The Mountain View Voice started as a labor of love: love for the city and for local journalism.
In 1992, Voice founders Kate Wakerly and Carol Torgrimson teamed up to bring Mountain View its own independent newspaper, something that Wakerly had long wanted to do. Their ambitions were somewhat modest: start a publication that could support itself through advertising and hopefully stay in business long enough to make endorsements in the 1994 City Council election, according to a draft of the business plan written in 1993.
"Kate always had a passion for community newspapers, starting with her first job in 1972 after finishing her Stanford master's degree at the long-gone Fremont News-Register," recalled John Wakerly, Kate's husband. Starting in 1982, she contracted with the city of Mountain View to publish its monthly municipal newsletter, "The View."
"She did add a certain amount of quality and class to the publication, but because of its strong ties to city government, she jokingly called it 'Pravda' in private," he said. "She still dreamed that someday Mountain View would get its own independent newspaper."
A reporter and editor for a number of community newspapers, Wakerly sought advice from her contacts in the business, and was told "Mountain View is the graveyard of community newspapers," Torgrimson told the Voice in 2013. "We were advised against it quite heartily. But we never let that stop us."
Launched as a monthly, the 12-page "Voice of Mountain View" was sent out to 25,000 addresses just before Christmas. It included a preview of Mountain View's annual Community Tree Lighting Celebration and, in true Silicon Valley style, the pair produced the paper from the Wakerlys' basement. Hard-pressed for money to put out the issue, Wakerly convinced Costco to run a two-page ad in the center spread for its soon-to-open store on Charleston Road. The paper got more firmly established with its second issue, which came out in February 1993.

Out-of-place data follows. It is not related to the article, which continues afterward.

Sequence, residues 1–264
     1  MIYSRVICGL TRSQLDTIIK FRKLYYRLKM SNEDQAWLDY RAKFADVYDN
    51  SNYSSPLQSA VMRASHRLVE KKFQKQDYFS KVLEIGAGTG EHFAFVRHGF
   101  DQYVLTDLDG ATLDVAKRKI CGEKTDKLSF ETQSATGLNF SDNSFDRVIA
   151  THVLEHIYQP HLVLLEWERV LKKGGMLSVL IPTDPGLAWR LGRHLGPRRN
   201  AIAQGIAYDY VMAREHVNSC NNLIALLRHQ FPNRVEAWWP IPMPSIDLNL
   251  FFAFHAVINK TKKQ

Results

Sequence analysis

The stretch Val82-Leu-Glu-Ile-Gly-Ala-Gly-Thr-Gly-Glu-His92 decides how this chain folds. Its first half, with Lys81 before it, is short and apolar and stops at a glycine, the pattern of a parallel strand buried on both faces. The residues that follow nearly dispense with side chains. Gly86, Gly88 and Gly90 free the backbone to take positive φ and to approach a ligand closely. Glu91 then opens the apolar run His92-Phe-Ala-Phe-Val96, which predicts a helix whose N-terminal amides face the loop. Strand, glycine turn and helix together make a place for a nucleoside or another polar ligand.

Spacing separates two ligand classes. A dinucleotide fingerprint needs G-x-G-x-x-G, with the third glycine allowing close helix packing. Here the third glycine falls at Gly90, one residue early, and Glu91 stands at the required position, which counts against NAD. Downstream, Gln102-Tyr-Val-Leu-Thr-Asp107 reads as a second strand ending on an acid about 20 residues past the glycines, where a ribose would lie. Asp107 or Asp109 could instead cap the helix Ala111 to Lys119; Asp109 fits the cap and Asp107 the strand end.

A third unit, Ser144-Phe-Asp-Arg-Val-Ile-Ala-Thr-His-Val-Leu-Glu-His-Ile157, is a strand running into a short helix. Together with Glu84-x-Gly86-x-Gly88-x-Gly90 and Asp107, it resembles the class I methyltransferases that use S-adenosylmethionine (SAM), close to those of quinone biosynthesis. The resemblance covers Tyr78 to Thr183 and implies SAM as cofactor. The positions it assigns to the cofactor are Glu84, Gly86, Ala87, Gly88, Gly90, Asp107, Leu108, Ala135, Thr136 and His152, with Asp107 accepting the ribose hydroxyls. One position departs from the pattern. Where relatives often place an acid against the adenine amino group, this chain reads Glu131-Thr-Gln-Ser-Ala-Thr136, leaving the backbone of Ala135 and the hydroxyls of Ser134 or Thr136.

At the time, it seemed impossible for local schools and Mountain View community members to get their stories heard, Torgrimson told the Voice for an article about the paper's 20th anniversary. "We felt that the community deserved a real newspaper," she said.
After running it on a shoestring, Wakerly and Torgrimson transferred ownership of the Voice to Embarcadero Publishing, a locally owned company founded by Bill Johnson, who started the Palo Alto Weekly. Now called Embarcadero Media, it also publishes The Almanac and the Pleasanton Weekly, as well as DanvilleSanRamon.com and TheSixFifty.com.
"The only financial windfall that Kate and Carol received in the March 1994 asset transfer was that they would no longer have to put their own money into the paper's publication. They never did take a penny of profit out of the venture, since there was none," said John Wakerly. "Perhaps their biggest reward was a well-founded expectation that the Voice could and would continue with the Weekly's and Bill's support."